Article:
The tracks right in front of me began to squeal in a high pitched tone. Whistle coming from the left (which I now know is south because there’s an app for that) and passenger numbers 2 through 26 are now scrambling to grab their bags and toddler hands. 
My prayers turned towards the train staff; “God, please have that guy step down from the train and yell what we need him to yell!” 
“All aboard! Going north to Washington, DC! All aboard!”

This stressful narrative was brought to you today by the super powers in my mom sneakers, my dearly beloved iphone and it’s compass app, and the hours of survival television I have suffered through. 

Tuesday, July 10, 2012

Book Review: Every Body Matters, by Gary Thomas- a keeper, get your own copy!

I could make this a quick book review and tell you I just finished reading a great book. However, that would be a simple response for something that needs a more complex commentary.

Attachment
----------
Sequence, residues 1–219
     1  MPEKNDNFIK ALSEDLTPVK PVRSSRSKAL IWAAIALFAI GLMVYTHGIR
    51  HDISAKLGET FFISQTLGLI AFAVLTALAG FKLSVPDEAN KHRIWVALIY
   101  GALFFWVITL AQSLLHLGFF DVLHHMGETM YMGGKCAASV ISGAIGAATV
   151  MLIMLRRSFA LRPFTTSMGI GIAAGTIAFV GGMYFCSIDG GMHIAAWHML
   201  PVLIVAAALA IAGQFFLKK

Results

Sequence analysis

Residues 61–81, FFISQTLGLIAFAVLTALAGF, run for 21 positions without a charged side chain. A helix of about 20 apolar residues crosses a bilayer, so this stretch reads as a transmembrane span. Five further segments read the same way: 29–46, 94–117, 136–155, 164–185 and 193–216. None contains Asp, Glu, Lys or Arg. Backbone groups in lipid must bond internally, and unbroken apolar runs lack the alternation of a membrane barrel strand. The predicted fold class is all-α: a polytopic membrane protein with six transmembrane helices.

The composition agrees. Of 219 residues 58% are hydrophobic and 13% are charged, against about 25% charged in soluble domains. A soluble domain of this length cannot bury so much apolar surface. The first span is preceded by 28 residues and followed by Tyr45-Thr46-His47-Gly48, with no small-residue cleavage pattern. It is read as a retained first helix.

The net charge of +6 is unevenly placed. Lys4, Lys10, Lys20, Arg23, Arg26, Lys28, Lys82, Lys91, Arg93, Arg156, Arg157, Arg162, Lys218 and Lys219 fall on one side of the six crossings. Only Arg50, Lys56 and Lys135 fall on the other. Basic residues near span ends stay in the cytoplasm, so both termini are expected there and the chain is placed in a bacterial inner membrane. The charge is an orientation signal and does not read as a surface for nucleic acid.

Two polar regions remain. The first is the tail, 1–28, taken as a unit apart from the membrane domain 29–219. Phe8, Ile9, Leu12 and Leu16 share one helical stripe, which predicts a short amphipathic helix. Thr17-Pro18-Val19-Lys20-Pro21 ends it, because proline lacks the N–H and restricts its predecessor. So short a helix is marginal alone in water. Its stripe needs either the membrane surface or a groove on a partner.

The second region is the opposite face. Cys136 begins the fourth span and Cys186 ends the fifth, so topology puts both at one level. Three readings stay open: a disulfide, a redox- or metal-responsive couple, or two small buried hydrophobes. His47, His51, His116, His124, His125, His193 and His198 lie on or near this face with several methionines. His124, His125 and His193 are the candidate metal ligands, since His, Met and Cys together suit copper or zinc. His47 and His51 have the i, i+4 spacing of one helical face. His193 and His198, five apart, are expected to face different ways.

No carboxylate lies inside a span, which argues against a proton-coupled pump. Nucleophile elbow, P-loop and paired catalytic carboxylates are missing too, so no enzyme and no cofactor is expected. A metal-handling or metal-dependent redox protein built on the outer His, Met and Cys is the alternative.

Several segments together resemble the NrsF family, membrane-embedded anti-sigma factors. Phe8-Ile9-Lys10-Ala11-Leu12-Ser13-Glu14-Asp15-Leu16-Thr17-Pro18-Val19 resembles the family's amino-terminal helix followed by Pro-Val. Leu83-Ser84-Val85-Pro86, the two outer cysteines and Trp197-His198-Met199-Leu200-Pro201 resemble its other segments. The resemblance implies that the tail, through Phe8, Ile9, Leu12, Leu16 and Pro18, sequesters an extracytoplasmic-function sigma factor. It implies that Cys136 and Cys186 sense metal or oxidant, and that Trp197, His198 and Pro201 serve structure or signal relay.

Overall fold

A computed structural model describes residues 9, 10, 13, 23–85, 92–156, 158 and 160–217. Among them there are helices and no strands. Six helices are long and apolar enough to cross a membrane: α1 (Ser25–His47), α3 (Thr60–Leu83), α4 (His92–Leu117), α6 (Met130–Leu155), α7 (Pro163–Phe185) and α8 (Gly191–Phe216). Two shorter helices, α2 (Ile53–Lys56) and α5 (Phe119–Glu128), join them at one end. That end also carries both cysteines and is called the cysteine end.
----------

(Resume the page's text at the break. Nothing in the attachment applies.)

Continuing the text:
It re-calibrated my thinking. 
Every Body Matters, by Gary Thomas, is a keeper. He addresses an issue that my husband and I have spent many hours talking about already...the health our bodies, especially as Christians. 
You see, we hear sermons on having a strong faith, sinful behavior like dishonesty and adultery, and how to be great givers; all of which are important topics. But how many times have you heard the sermon about maintaining a healthy body in regards to gluttony? Or what about food as a idol? 
Here’s what I have taken from the book:
-Food is supposed to be a tool, a source of nutrition, fuel for our bodies.... not something we crave, obey, or think about constantly. 
-Hunger pangs before lunch or dinner aren’t life threatening. Duh, right?
-I need to have a solid, strong, and steady body (rather than a soft one) in order to complete the tasks God created me for.
Every Body Matters is not a diet book, health or nutrition manual or condemning for any reason. Thomas clarifies his understanding that we can not and must not judge the outward appearance of anyone for any reason and that fitness is not a measuring stick for faithfulness.